Tight Ends (4): Irv Smith, Jr., Johnny Mundt, Ben Ellefson, Nick Muse

Smith returns from his own knee injury suffered in last year’s final preseason game. Mundt spent the past five seasons with the Rams, and is known more for his blocking than receiving. Those two are locks.

Behind them are question marks. Ellefson was a late addition to the 2021 Vikings following Smith’s injury. Muse is a rookie sixth-round selection from South Carolina who had limited production for the Gamecocks. He battles for the presumed final spot with Zach Davidson, a fifth-round pick in 2021. Davidson spent most of the season on the practice squad. His future is cloudy as there is little tape to go off of from last year to suggest he’s anything more than a fringe player.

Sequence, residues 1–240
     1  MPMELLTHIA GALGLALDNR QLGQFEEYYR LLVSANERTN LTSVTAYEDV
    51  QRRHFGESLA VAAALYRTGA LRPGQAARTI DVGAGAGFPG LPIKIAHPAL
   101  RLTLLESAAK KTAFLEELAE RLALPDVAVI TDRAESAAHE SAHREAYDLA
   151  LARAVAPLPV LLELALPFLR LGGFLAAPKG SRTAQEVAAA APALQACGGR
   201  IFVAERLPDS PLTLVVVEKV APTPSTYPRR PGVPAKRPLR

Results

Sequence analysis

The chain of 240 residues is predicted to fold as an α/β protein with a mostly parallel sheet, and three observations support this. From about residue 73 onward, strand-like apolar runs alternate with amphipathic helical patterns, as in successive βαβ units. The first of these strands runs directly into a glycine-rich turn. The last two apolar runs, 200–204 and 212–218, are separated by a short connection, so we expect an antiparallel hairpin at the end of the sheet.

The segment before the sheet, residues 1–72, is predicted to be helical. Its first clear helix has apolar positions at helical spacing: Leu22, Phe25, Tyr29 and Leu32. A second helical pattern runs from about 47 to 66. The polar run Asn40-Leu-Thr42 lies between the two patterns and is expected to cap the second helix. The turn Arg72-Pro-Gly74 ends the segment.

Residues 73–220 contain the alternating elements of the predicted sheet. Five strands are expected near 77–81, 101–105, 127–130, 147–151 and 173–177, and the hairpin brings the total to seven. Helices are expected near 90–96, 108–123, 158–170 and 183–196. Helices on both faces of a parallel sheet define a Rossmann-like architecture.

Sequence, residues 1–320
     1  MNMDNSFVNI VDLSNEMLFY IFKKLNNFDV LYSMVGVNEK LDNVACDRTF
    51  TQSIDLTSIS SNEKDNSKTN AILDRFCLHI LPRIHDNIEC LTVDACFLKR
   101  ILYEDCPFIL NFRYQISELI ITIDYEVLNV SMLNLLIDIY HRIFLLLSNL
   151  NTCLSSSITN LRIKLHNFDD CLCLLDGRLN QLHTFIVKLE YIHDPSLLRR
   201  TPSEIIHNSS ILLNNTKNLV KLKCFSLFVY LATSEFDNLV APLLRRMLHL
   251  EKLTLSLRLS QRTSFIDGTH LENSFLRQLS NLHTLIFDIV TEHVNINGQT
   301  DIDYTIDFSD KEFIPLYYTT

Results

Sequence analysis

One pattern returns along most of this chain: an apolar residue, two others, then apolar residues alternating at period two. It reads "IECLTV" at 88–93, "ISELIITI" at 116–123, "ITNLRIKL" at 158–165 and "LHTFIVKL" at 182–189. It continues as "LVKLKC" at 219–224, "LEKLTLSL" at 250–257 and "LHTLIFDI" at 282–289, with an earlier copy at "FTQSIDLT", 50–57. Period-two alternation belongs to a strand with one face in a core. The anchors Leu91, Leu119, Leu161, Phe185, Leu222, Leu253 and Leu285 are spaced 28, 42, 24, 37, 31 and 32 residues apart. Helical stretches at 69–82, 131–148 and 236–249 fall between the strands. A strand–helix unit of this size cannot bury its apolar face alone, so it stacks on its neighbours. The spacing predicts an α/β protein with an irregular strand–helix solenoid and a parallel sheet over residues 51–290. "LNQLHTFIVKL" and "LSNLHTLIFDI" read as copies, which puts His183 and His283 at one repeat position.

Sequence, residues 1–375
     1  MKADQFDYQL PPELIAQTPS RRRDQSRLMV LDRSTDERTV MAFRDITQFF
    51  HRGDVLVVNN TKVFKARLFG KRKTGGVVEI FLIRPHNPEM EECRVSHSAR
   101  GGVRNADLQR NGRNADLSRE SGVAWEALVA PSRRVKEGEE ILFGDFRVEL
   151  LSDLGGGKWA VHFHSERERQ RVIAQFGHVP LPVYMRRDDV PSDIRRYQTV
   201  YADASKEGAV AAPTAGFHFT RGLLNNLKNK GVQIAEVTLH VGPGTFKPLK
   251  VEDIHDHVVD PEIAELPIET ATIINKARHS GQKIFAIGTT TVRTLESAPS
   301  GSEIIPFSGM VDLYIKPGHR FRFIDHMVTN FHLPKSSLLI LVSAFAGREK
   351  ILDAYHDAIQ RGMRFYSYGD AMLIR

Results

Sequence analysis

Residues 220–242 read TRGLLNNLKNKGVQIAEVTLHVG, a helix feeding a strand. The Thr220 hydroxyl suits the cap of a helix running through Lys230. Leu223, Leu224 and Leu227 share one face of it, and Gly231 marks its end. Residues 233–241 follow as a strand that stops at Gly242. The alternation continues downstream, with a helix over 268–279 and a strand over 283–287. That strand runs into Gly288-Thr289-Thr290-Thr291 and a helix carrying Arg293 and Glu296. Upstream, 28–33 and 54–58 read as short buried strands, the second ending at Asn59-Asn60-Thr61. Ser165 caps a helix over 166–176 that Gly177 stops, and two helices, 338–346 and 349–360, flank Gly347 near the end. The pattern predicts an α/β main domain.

Offensive Line (9): Christian Darrisaw, Brian O’Neill, Ezra Cleveland, Jesse Davis, Garrett Bradbury, Chris Reed, Ed Ingram, Blake Brandel, Oli Udoh

I actually feel fairly confident with all of these names making the team. Brandel and Udoh might be the most cuttable out of the lot, but Brandel was solid last year as an extra offensive lineman in heavy packages. Udoh struggled as the team’s starting right guard, but he has position flexibility that is ideal for a backup lineman.

Things get controversial after that, though. The Rams kept nine linemen in 2021 after carrying 10 in 2020. I believe they keep nine here, setting the Vikings up with 26 offensive players heading into the season. The most glaring omission here is second-year guard Wyatt Davis. The 2021 third-round pick was quickly buried on the depth chart last year. Now, he faces competition with Davis, Reed, and Ingram. This doesn’t even include Austin Schlottman, who spent his first four seasons with the Broncos.